PORT ST. LUCIE, Fla. — Yoenis Cespedes is many things to many people.
For an auto body customizer from Miami, he is a patron who during spring training used his stature to generate what essentially was a week’s worth of free advertising.
For a family in Port St. Lucie County, Florida, he is an appreciative rancher who graciously returned to the county fair to win a bidding war for the prized hog that they had painstakingly raised.
And for a baseball team in New York, he is the flamboyant personification of a new era in franchise history, one marked by boundless optimism and championship aspirations. Cespedes, above all, is the powerful hitter who the Mets believe will guide them back to the World Series.
“It definitely speaks more than words about the amount of confidence that he has in this team,” said fireballing righty Noah Syndergaard, who insisted that Cespedes’ return alone signaled a new mentality. “He had the opportunity to go basically anywhere and he chose to stay in New York. We couldn’t be more thankful to have him back.”
As much as anything else, circumstance brought Cespedes back to New York. Late in the offseason, when the market for him didn’t develop as expected, he was faced with a choice.
The Nationals, the club he helped to slay after his July trade to the Mets, were said to have offered a five-year deal. But Cespedes signed a three-year, $75-million deal with the option to opt out after this season.
From the time he returned, Cespedes has said he was drawn back by the environment in the Mets’ clubhouse, one that he has likened to a family. It’s a place that has allowed him to be himself — whatever that might be on that day.
“I think we give all of our players a certain amount of space,” general manager Sandy Alderson said. “Not all of them need as much space as some others, but I think we’re consistent in that we give all of our players the space to be themselves.”
Earlier in spring training, manager Terry Collins wondered aloud whether he would ask Cespedes to ditch his habit of wearing his cap backward, a la Ken Griffey Jr. But as camp breaks, Collins has turned his head, though Cespedes has not turned his hat.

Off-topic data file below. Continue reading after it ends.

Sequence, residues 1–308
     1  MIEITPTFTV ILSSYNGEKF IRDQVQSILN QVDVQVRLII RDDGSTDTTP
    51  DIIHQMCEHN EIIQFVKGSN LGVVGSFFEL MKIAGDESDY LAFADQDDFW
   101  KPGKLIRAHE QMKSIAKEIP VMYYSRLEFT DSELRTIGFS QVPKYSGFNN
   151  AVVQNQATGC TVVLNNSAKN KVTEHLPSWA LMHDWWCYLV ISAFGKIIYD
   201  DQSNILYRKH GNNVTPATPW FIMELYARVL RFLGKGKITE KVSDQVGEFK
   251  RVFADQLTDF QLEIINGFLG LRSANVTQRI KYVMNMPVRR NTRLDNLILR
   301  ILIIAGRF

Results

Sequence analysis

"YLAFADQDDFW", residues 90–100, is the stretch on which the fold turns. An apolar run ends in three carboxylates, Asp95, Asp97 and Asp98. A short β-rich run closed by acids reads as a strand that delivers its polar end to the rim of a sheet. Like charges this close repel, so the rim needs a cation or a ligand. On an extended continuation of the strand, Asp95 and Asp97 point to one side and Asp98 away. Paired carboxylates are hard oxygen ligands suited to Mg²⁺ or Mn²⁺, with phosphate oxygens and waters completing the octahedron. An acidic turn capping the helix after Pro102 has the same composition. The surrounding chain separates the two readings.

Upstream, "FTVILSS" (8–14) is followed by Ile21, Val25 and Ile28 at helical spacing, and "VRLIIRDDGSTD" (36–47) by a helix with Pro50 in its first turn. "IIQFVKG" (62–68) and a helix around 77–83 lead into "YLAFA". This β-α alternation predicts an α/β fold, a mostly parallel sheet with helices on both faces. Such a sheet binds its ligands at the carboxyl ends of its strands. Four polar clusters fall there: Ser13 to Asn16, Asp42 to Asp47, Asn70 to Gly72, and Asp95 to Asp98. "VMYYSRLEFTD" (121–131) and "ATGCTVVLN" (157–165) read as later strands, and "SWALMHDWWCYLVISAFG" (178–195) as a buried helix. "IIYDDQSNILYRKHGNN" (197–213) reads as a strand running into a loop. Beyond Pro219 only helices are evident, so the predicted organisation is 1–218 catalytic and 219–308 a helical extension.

A few times during the day, Cespedes retreats to a small room behind the dugout, which clubhouse attendants typically use to clean the dirt that sticks beneath baseball cleats. Cespedes uses it for occasional smoke breaks.
When Cespedes used the early days of spring training to flaunt his collection of exotic cars and motorcycles — all of them customized by his friend Alex Vega — the Mets played along by tweeting out updates to their fans.
One morning, he tossed the keys to his Lamborghini to a team staffer to replace a square wafflemaker with a round one (his preference), just one of the many quirks he’s revealed since his arrival.
On the team’s only off day of camp, he hosted a barbecue at his ranch in Vero Beach. To break up the monotony, and to make good on a promise to Syndergaard, he brought a pair of horses to the team’s complex.
Recently, the players’ lunch spread consisted of meatballs, the product of the cattle from his ranch. It’s his second home, with the first being on a golf course in Boca Raton.
Rightfielder Curtis Granderson said Cespedes’ varying interests “in so many non-baseball things” have helped him blend into the clubhouse.
“Whether you have an interest in this or an interest in that, there’s a good chance that he’s probably got an interest in it as well,” Granderson said. “The golf thing, music, he’s a country music guy, he’s got a ranch with animals, so you have guys that like that side of it. Family, he’s got a big family, so he’s able to connect like that.”
All of it is secondary, however, to Cespedes’ primary function with the Mets. He was brought in to provide a powerful spark, within the lineup and beyond.
“Him being a confident guy, it’s good for us, good for the team,” cleanup hitter Lucas Duda said. “We can feed off of it, build off of it, and rightfully so. He’s a great player. He should be confident.”
For captain David Wright, that flamboyance and flash can obscure another revelation about Cespedes. Despite his varying interests, Cespedes is a supreme talent who does all that’s required to prepare himself for victory.
“When we went out and traded for Yoenis, the last thing I was thinking about was what kind of car is he going to drive to spring training,” Wright said. “I think he’s an All-Star-caliber player and that he’s going to help us out on the field.”
What Yoenis Cespedes produced in 57 games as a Met last season:
17 Home runs